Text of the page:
A Cuban and a broadside to go

ImageImageOn my vacation to visit my dad and his wife-they took us to this amazing restaurant where they had pretty much Cuban sandwiches and about two dozen presses (mostly Letterpresses) and some amazing vintage typewriters. This sweet little joint was right across from the Sugar Cane mill in Old town Homosassa, Florida. I was amazed at the diversity of what went on in that little building. Apparently, the owner (who was not there)  can fax, notarize and print documents, has a Blues and Barbeque fest every year, and this crazy printmaking establsihment all in a restaurant the size of maybe….1600 square feet.

Among the notable presses, Heidelbergs, KLUGE’s and many varieties of Vandercooks, sat a sweet little Cleveland made Chandler and Price. Felt right back at home. This was a very cool enterprise to come upon in the middle of Florida’s nature coast. I have had a really nice time with family-swimming, relaxing, tanning and smelling the sun shine state’s ink-always making me think about how many great little print shops exists out there in the world. 

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The Shoelace by Charles Bukowski

My friend Claudio earmarked this Bukowski poem and I think it really sums up all of the things that can get you  down (but also makes you think about the power of resiliency and strength people have with in them to keep moving forward). I gravitate to darker narratives and empathize with people who are struggling to get through the day. When I read this-it hits a  chord.

My goal in trying to communicate messages and meaning that is channelled through others trying experiences is where I think I am  most useful in my own art practice. I think of this poem daily-when I hear about the small and large  tragedies;   Brunswick youth killed in an auto accident on the night of their graduation, close friends of mine divorcing, people losing their homes, or a shoelace breaking at the most in opportune time, and somehow it makes the relational mythology universal-and  all of us seem a little more connected.Image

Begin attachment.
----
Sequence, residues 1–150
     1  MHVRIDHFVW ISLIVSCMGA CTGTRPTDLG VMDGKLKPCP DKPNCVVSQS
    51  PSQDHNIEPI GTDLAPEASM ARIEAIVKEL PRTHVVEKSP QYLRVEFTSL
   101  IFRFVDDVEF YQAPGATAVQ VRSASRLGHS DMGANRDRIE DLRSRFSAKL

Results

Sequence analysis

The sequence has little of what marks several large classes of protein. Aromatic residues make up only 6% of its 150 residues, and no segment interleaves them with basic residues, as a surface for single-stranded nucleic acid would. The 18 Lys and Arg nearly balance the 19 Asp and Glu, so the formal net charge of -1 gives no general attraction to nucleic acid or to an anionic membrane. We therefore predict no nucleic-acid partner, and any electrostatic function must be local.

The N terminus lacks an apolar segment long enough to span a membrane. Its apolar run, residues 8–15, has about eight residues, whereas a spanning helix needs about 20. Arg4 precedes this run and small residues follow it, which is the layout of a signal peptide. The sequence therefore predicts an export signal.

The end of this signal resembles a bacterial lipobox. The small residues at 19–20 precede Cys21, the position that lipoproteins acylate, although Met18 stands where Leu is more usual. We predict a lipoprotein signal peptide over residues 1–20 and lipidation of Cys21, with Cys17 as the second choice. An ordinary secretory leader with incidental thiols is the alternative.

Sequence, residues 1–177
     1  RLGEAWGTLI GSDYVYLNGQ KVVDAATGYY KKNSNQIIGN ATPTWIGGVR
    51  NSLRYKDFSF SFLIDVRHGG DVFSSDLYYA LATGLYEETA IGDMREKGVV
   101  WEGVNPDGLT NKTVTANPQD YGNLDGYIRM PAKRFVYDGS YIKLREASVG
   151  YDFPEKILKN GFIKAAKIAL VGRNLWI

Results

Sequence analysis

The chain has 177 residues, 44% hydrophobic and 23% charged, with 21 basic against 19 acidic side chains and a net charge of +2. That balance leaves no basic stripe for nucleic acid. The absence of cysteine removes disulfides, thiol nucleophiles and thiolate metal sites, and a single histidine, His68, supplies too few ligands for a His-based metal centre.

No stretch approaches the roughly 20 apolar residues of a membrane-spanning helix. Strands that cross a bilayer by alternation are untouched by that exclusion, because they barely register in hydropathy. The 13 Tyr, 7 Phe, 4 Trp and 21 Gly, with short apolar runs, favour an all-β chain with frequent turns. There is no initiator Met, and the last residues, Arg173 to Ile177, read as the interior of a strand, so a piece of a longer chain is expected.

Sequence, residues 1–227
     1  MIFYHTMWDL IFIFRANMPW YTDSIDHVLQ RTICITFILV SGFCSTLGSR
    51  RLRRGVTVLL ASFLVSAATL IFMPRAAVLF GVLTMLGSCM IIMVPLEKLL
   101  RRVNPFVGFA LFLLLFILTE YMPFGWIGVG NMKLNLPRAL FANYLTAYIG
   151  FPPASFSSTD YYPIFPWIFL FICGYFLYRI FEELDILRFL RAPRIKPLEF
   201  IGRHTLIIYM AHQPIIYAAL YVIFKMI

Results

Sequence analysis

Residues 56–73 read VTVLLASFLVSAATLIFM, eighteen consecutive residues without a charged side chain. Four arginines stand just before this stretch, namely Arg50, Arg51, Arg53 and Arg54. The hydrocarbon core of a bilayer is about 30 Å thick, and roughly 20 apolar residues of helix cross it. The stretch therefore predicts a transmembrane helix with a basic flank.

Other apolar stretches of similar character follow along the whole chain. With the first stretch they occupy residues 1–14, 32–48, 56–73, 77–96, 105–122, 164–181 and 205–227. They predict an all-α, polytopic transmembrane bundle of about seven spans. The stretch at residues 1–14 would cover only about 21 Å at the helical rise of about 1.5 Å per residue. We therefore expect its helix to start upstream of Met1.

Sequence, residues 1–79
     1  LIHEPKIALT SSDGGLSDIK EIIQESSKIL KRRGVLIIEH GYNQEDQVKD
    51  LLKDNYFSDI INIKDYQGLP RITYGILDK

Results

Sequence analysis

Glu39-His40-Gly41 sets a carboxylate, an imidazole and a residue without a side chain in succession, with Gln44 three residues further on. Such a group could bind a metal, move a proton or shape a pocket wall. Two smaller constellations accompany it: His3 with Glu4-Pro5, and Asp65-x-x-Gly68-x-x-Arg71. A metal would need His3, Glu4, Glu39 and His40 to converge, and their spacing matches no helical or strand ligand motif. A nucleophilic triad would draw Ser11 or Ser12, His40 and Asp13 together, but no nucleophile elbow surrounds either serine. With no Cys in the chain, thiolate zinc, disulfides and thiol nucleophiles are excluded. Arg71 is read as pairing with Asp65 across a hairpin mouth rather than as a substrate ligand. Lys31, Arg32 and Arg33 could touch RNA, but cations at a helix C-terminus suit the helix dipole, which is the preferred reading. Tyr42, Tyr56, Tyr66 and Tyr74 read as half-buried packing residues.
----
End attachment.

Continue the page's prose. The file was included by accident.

The Shoelace

a woman, a
tire that’s flat, a
disease, a
desire: fears in front of you,
fears that hold so still
you can study them
like pieces on a
chessboard…
it’s not the large things that
send a man to the
madhouse. death he’s ready for, or
murder, incest, robbery, fire, flood…
no, it’s the continuing series of small tragedies
that send a man to the
madhouse…
not the death of his love
but a shoelace that snaps
with no time left …
The dread of life
is that swarm of trivialities
that can kill quicker than cancer
and which are always there –
licence plates or taxes
or expired driver’s license,
or hiring or firing,
doing it or having it done to you, or
roaches or flies or a
broken hook on a
screen, or out of gas
or too much gas,
the sink’s stopped-up, the landlord’s drunk,
the president doesn’t care and the governor’s
crazy.
lightswitch broken, mattress like a
porcupine;
$105 for a tune-up, carburetor and fuel pump at
sears roebuck;
and the phone bill’s up and the, market’s
down
and the toilet chain is
broken,
and the light has burned out –
the hall light, the front light, the back light,
the inner light; it’s
darker than hell
and twice as
expensive.
then there’s always crabs and ingrown toenails
and people who insist they’re
your friends;
there’s always that and worse;
leaky faucet, christ and christmas;
blue salami, 9 day rains,
50 cent avocados
and purple
liverwurst.

or making it
as a waitress at norm’s on the split shift,
or as an emptier of
bedpans,
or as a carwash or a busboy
or a stealer of old lady’s purses
leaving them screaming on the sidewalks
with broken arms at the age of 80.

suddenly
2 red lights in your rear view mirror
and blood in your
underwear;
toothache, and $979 for a bridge
$300 for a gold
tooth,
and china and russia and america, and
long hair and short hair and no
hair, and beards and no
faces, and plenty of zigzag but no
pot, except maybe one to piss in
and the other one around your
gut.

with each broken shoelace
out of one hundred broken shoelaces,
one man, one woman, one
thing
enters a
madhouse.

so be careful
when you
bend over.